When will I be able to upload my brain to a computer?


READER QUESTION: I am 59 years old, and in reasonably good health. Is it possible that I will live long enough to put my brain into a computer? — Richard Dixon.

We often imagine that human consciousness is as simple as input and output of electrical signals within a network of processing units – therefore comparable to a computer. Reality, however, is much more complicated. For starters, we don’t actually know how much information the human brain can hold.

Two years ago, a team at the Allen Institute for Brain Science in Seattle, mapped the 3D structure of all the neurons (brain cells) comprised in one cubic millimeter of the brain of a mouse – a milestone considered extraordinary.


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Within this minuscule cube of brain tissue, the size of a grain of sand, the researchers counted more than 100,000 neurons and more than a billion connections between them. They managed to record the corresponding information on computers, including the shape and configuration of each neuron and connection, which required two petabytes, or two million gigabytes of storage. And to do this, their automated microscopes had to collect 100 million images of 25,000 slices of the minuscule sample continuously over several months.

Now if this is what it takes to store the full physical information of neurons and their connections in one cubic millimeter of mouse brain, you can perhaps imagine that the collection of this information from the human brain is not going to be a walk in the park.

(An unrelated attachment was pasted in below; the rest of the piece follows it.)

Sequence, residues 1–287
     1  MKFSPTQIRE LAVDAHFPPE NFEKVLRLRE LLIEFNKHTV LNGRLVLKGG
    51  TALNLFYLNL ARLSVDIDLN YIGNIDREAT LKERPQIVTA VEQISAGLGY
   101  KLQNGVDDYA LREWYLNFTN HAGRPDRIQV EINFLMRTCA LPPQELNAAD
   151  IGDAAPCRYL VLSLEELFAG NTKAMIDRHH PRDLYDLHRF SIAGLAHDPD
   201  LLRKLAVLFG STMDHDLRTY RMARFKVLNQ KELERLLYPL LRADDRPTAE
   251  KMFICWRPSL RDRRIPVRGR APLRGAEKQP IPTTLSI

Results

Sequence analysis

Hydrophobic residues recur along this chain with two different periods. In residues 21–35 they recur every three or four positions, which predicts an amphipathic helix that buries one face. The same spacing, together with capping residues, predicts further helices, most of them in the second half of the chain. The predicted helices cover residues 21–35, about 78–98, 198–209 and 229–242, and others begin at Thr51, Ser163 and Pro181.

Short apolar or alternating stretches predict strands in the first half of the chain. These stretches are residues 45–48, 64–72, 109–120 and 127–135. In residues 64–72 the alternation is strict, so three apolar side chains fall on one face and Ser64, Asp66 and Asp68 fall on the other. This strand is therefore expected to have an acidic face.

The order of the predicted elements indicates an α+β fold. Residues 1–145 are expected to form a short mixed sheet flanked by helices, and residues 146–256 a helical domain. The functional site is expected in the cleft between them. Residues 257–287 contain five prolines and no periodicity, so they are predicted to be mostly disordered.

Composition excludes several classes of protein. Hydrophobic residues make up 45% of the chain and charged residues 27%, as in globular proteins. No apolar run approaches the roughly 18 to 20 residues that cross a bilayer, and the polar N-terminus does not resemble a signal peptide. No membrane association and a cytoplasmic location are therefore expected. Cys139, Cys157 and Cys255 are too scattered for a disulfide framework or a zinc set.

Data extraction and storage, however, is not the only challenge. For a computer to resemble the brain’s mode of operation, it would need to access any and all the stored information in a very short amount of time: the information would need to be stored in its random access memory (RAM), rather than on traditional hard disks. But if we tried to store the amount of data the researchers gathered in a computer’s RAM, it would occupy 12.5 times the capacity of the largest single-memory computer (a computer that is built around memory, rather than processing) ever built.

The human brain contains about 100 billion neurons (as many stars as could be counted in the Milky way) – one million times those contained in our cubic millimetre of mouse brain. And the estimated number of connections is a staggering ten to the power of 15. That is ten followed by 15 zeroes – a number comparable to the individual grains contained in a two meter thick layer of sand on a 1km-long beach.

A question of space

If we don’t even know how much information storage a human brain can hold, you can imagine how hard it would be to transfer it into a computer. You’d have to first translate the information into a code that the computer can read and use once it is stored. Any error in doing so would probably prove fatal.

A simple rule of information storage is that you need to make sure you have enough space to store all the information you need to transfer before you start. If not, you would have to know exactly the order of importance of the information you are storing and how it is organised, which is far from being the case for brain data.

If you don’t know how much information you need to store when you start, you may run out of space before the transfer is complete, which could mean that the information string may be corrupt or impossible for a computer to use. Also, all data would have to be stored in at least two (if not three) copies, to prevent the disastrous consequences of potential data loss.

This is only one problem. If you were paying attention when I described the extraordinary achievement of researchers who managed to fully store the 3D structure of the network of neurons in a tiny bit of mouse brain, you will know that this was done from 25,000 (extremely thin) slices of tissue.

Image of orange slices.